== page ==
Alan Sillitoe Analysis

Other Literary Forms

(Literary Essentials: Short Fiction Masterpieces)

Alan Sillitoe’s more than three dozen published books include novels, collections of poetry, books for children, as well as travel literature, essays, and plays. Four of his books, including The Loneliness of the Long-Distance Runner and The Ragman’s Daughter have been made into films. His first novel, Saturday Night and Sunday Morning (1958), was also produced in a stage adaptation, and his second, The General (1960), carried the film title Counterpoint.


(Literary Essentials: Short Fiction Masterpieces)

Alan Sillitoe’s early novels and stories fall within the tradition of British working-class fiction established by Charles Dickens and Mrs. Elizabeth Gaskell in the 1840’s and carried on by George Gissing, Arthur Morrison, and Walter Greenwood. Saturday Night and Sunday Morning won the Author’s Club Prize as the best English novel in 1958, and Sillitoe’s best-known story, “The Loneliness of the Long-Distance Runner,” won the Hawthornden Prize in 1959 and is widely accepted as a modern classic on proletarian life. The General, which began as a short story in 1950, won the Nottingham Writers’ Club competition in 1960. Believing the concept of class is a degradation, Sillitoe was not so political in his later work, which showed a willingness to experiment in form and style. His stories have been frequently anthologized and have been translated into more than twenty languages.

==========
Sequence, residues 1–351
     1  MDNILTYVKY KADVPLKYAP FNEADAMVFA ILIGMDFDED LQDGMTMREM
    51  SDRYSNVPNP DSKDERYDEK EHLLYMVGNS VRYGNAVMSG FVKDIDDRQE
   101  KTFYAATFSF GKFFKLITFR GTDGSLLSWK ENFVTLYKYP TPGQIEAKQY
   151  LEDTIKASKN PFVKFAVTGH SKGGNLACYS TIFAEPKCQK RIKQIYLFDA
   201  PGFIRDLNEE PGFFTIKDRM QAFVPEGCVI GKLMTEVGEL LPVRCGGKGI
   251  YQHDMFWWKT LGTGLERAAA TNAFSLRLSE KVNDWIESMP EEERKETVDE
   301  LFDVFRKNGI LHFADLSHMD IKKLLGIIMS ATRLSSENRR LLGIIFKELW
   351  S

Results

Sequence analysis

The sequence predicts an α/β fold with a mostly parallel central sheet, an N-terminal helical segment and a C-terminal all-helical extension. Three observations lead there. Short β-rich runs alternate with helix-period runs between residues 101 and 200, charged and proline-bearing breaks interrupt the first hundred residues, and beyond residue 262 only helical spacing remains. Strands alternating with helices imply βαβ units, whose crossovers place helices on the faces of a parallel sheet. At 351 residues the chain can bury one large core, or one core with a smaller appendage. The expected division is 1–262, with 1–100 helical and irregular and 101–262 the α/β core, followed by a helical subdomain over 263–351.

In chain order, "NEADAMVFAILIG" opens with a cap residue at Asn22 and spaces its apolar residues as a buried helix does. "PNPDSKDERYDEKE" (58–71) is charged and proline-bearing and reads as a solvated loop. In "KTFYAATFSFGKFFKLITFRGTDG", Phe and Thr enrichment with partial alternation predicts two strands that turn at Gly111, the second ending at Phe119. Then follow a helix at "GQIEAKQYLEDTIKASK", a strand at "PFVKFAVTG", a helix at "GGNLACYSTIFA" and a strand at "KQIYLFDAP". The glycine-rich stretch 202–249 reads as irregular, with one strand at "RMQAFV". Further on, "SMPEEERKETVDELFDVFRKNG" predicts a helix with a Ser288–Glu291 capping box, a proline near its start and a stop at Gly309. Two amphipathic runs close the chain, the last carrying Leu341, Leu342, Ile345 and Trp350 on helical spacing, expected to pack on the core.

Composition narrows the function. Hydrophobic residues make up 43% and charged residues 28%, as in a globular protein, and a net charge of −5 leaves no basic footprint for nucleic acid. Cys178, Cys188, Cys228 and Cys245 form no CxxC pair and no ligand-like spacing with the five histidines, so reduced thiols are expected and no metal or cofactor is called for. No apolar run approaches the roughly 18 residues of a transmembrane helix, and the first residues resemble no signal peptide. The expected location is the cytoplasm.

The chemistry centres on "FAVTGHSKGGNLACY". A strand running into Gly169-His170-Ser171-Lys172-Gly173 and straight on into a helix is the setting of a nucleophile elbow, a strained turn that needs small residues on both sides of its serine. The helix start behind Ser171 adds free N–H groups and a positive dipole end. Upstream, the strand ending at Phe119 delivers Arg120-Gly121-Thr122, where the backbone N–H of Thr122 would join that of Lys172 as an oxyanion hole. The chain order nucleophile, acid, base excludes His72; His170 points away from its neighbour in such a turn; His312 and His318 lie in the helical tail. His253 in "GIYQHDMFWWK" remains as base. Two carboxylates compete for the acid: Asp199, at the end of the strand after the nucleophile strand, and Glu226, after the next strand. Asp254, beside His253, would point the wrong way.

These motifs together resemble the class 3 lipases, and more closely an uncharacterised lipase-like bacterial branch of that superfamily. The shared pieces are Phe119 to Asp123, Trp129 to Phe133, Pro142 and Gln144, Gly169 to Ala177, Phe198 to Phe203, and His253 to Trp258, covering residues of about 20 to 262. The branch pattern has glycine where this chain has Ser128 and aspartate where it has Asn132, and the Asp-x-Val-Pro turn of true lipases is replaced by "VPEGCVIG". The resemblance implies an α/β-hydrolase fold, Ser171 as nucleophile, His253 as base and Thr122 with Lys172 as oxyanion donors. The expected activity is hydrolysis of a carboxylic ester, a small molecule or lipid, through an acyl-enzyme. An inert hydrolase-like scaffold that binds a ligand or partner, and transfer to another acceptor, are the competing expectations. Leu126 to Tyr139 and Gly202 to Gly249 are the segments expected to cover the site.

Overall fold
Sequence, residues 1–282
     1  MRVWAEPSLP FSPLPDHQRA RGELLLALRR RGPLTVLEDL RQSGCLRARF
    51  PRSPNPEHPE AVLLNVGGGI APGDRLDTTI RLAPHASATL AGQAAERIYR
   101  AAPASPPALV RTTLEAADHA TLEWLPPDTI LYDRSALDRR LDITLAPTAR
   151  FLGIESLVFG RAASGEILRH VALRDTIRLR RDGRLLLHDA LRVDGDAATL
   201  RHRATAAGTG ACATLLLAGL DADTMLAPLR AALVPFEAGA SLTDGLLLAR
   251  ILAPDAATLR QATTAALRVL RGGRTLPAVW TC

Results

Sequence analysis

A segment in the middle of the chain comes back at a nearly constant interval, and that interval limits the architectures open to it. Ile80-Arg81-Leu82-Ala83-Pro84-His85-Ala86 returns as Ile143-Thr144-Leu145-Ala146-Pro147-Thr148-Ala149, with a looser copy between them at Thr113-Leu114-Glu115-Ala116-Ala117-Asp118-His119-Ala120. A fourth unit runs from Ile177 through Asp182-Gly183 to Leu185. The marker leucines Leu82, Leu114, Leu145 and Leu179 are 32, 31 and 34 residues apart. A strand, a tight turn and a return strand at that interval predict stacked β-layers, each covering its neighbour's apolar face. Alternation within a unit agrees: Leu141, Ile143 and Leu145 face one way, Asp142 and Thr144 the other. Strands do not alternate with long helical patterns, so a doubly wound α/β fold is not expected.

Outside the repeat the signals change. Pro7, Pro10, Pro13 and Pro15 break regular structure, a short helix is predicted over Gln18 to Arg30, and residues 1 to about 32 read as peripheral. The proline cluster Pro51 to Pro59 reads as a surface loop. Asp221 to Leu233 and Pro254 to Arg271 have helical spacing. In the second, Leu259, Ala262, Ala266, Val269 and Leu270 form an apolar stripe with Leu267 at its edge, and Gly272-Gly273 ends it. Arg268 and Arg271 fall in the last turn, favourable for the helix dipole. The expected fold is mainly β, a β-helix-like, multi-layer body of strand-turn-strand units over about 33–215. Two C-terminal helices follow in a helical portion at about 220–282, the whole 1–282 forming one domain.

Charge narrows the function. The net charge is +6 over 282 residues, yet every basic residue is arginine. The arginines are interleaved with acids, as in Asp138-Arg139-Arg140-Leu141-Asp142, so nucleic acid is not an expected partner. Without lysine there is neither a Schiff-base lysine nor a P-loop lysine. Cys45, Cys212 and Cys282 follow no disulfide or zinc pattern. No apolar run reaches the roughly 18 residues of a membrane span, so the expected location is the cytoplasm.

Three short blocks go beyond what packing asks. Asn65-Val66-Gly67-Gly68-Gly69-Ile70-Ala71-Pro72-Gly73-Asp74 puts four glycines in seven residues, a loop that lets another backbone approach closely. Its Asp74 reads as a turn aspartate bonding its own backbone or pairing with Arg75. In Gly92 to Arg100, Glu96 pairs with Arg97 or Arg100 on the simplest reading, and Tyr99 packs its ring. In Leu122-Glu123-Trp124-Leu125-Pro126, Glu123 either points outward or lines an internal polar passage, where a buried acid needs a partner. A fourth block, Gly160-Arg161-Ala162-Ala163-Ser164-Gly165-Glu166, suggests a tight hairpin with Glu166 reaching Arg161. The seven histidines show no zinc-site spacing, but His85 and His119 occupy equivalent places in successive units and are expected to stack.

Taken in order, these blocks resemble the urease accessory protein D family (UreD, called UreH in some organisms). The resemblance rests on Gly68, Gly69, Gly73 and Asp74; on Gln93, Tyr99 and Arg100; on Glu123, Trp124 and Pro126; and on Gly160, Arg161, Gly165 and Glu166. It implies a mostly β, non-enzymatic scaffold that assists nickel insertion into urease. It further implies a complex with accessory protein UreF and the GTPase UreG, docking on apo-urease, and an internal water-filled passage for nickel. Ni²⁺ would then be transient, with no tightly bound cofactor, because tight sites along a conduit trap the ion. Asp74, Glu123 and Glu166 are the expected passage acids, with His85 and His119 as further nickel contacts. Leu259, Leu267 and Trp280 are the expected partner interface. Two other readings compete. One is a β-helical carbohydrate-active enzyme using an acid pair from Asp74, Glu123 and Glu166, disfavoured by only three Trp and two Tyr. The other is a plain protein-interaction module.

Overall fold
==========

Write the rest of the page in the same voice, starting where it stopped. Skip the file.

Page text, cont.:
Other literary forms

(Survey of Novels and Novellas)

With his short-fiction collection The Loneliness of the Long-Distance Runner (1959), Alan Sillitoe (SIHL-ih-toh) reinforced the critical acclaim and popular recognition earned by his first novel, Saturday Night and Sunday Morning. The collection’s title novella is now regarded as the archetypal Sillitoenarrative about a working-classprotagonist fighting an indifferent, oppressive society. Sillitoe continued to publish novellas and short stories of high quality and notable originality.

While his prose works carried on his sympathetic portrayal of working-class life, his steady output of poetry reflected significant changes in mood and theme over five decades. His early collection The Rats, and Other Poems (1960) is strident political-protest verse, with brief, vivid echoes of the fiction’s dark themes. His later poems develop hopeful themes: the definition of love in a postromantic age, the possibility of individual happiness amid political upheaval and oppression, and the consolation of nature. Sillitoe believed that he would ultimately be remembered for his poetry rather than his fiction. He also wrote several works of nonfiction, including his autobiography Life Without Armor (1996) and a memoir of his 1967 travels to Russia titled Gadfly in Russia (2007), as well as works of juvenile fiction, plays, and screenplays.


(Survey of Novels and Novellas)

Alan Sillitoe was one of the most successful of England’s“Angry Young Men,” who dramatically changed post-World War II literary culture. For their stark depiction of working-class life, Sillitoe’s first novel and his first story collection received prizes: the Author’s Club Award in 1958 for Saturday Night and Sunday Morning and the Hawthornden Prize in 1960 for The Loneliness of the Long-Distance Runner. In 1975, Sillitoe became a fellow of the Royal Geographic Society for his work in travel writing.